A readable but frustrating critique of contemporary politics that lacks bite.

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Over the course of a week, an Indian American professor’s life spirals out of control.

University lecturer Raj Bhatt loves the exclusive Tennis Club, TC for short, to which he and his family belong even though he has always felt uncomfortable as one of its few nonwhite members. When, in an effort to connect with a black couple who want to join the club, he lets slip a slur in front of the membership committee, the other members of the TC are horrified. Raj feels awful, but he can't help wondering why the racial slights he’s faced during his time there haven’t received the same attention. Meanwhile, after students in his anthropology class send video of him supposedly criticizing Christianity and the West to a right-wing website, he finds himself in the middle of an internet firestorm that threatens his job. Suddenly, he's being labeled a racist and a reverse-racist simultaneously. This first novel from Pandya (The Blind Writer, 2015) aims to skewer both the upper-crust milieu of exclusive country clubs and conservative campus culture, and it partially succeeds. Pandya is sharply critical of right-wing “news” sites and conservative students who argue against any critique of the West, but his depiction of these phenomena is not totally believable. Pandya focuses on website comments, not social media or Reddit (the hubs of online hate today), and Raj’s outraged students feel more like convenient obstacles than real people. Also, while he captures the details of the country-club setting, he doesn't examine the politics of those characters as closely. The novel’s satirical edge might have been more effective if Raj were either more sympathetic or more odious. The novel ultimately sides with him, but he causes many of his problems himself and is irritating enough that it's hard to feel too sorry for him.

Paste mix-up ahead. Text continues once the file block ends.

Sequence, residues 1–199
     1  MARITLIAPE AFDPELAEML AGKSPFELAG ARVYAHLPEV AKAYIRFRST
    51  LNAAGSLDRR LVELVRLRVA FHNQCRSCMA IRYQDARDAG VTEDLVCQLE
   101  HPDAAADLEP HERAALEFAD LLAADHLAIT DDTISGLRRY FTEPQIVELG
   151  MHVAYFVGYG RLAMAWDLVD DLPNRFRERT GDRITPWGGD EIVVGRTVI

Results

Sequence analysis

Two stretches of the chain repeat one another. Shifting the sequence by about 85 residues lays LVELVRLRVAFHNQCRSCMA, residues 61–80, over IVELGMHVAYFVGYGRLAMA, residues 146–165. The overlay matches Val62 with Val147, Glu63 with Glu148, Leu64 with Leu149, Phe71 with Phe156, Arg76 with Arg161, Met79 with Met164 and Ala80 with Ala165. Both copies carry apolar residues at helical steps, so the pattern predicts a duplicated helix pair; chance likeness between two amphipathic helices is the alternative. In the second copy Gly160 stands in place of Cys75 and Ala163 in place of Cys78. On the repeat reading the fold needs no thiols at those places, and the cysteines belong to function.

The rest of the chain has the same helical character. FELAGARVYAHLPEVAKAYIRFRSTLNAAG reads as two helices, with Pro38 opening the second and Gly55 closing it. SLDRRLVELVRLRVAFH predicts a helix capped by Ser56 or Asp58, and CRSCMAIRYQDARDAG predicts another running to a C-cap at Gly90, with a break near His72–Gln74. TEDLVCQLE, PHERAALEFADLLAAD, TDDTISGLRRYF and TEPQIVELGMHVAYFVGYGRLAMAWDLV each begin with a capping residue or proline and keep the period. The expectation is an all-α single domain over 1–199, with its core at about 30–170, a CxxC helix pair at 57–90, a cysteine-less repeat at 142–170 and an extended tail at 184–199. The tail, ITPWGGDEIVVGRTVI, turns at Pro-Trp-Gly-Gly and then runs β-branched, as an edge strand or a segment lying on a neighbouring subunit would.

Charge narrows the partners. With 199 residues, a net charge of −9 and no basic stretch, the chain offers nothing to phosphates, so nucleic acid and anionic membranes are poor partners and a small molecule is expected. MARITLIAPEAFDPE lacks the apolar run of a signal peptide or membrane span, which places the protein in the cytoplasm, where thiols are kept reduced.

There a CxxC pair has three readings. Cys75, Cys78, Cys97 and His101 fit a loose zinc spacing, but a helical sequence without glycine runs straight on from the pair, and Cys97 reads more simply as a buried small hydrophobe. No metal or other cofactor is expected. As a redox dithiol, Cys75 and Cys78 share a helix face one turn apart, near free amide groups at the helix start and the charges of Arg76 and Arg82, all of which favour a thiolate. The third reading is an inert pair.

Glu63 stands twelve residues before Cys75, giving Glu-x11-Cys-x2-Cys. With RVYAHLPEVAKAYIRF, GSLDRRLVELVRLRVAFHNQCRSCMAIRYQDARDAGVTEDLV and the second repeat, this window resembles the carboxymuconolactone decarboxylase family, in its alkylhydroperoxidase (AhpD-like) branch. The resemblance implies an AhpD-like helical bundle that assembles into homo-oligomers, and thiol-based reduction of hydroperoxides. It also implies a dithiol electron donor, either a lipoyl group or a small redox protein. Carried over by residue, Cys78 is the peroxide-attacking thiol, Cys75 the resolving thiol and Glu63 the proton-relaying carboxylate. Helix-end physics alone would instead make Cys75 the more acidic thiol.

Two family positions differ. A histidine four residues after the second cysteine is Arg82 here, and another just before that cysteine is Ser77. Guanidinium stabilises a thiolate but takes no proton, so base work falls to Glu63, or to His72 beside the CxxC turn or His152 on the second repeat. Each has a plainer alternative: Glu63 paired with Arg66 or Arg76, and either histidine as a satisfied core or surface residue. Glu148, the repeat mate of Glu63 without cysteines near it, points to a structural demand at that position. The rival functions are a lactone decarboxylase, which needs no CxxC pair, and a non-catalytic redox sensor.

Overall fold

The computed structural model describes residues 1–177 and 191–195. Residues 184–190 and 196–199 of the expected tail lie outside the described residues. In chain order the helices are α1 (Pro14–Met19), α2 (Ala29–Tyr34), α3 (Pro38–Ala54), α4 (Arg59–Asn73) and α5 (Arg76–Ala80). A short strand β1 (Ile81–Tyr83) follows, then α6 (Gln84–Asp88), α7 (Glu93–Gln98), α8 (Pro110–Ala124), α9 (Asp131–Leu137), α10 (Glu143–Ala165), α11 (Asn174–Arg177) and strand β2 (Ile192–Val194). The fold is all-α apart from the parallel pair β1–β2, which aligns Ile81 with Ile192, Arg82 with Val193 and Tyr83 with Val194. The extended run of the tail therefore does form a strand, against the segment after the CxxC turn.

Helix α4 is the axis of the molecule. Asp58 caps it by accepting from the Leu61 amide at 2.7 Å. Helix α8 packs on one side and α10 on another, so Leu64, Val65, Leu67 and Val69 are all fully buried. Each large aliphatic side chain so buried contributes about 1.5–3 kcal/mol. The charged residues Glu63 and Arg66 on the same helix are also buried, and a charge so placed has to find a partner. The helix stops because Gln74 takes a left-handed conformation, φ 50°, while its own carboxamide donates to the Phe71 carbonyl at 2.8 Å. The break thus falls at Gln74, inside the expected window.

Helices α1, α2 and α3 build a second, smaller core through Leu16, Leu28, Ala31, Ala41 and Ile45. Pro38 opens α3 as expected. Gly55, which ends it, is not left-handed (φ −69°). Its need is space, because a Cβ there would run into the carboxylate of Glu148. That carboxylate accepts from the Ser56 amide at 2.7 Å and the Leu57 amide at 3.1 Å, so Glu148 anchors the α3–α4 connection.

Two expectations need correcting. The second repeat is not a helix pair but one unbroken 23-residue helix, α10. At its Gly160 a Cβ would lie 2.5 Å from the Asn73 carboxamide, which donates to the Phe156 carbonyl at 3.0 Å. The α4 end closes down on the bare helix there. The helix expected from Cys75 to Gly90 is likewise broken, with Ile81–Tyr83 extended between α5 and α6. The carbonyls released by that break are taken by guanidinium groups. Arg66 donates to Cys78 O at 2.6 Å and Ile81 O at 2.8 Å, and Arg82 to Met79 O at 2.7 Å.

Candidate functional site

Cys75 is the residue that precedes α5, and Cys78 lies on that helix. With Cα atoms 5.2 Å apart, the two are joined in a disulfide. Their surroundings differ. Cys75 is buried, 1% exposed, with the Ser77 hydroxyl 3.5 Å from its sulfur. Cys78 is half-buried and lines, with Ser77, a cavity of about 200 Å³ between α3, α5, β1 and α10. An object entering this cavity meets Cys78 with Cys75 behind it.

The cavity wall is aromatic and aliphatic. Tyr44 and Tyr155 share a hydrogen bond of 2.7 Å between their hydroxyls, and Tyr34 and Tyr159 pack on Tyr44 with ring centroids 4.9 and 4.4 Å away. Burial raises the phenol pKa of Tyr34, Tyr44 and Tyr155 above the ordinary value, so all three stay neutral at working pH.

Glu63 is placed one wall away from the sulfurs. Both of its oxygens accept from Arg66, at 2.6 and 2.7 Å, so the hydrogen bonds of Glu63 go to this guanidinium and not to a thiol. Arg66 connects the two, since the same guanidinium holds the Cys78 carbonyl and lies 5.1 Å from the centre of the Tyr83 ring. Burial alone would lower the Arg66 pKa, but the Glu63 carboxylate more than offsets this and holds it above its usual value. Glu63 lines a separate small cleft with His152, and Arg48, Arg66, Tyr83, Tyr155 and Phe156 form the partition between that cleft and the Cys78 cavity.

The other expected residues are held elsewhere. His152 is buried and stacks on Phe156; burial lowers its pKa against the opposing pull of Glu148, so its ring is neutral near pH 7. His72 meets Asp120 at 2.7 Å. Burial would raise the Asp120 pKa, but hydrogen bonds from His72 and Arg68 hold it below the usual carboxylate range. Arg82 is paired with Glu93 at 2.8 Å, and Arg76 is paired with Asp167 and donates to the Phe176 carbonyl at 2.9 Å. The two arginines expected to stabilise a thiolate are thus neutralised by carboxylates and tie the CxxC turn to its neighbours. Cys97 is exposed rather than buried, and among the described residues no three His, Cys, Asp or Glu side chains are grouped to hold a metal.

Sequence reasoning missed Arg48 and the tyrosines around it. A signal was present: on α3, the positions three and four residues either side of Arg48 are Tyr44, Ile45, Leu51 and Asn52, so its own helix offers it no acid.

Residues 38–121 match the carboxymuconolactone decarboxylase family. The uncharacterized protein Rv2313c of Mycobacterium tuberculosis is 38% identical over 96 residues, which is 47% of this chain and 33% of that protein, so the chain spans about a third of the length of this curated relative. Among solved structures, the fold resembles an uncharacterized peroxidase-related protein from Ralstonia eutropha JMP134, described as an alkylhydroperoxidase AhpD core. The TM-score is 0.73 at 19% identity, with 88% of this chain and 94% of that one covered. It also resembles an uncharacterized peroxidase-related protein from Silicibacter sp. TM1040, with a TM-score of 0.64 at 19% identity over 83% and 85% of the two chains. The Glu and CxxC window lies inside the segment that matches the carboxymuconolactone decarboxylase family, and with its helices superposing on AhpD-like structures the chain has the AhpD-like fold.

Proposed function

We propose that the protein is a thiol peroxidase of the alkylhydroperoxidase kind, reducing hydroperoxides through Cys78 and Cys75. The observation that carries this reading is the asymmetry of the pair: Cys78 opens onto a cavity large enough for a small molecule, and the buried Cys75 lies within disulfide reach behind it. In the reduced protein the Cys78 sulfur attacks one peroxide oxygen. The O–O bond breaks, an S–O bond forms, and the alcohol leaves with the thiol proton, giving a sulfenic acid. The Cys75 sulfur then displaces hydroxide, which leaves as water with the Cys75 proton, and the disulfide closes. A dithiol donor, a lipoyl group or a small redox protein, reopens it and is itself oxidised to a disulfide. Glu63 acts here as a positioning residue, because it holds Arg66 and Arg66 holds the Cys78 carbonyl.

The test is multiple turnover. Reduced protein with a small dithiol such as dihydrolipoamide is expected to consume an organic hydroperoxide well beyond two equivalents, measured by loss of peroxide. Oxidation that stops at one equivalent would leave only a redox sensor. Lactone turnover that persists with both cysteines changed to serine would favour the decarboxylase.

A readable but frustrating critique of contemporary politics that lacks bite.

Pub Date: May 12, 2020

ISBN: 978-0-358-37992-8

Page Count: 352

Publisher: Mariner/Houghton Mifflin Harcourt

Review Posted Online: Feb. 10, 2020

Kirkus Reviews Issue: March 1, 2020

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A lovely read—entertaining, poignant, and meaningful.

THE OYSTERVILLE SEWING CIRCLE

After facing tragedy and betrayal in New York, an aspiring fashion designer escapes to her idyllic Pacific coast hometown to raise her best friend’s two young children and finds inspiration, redemption, and love in the unexpected journey.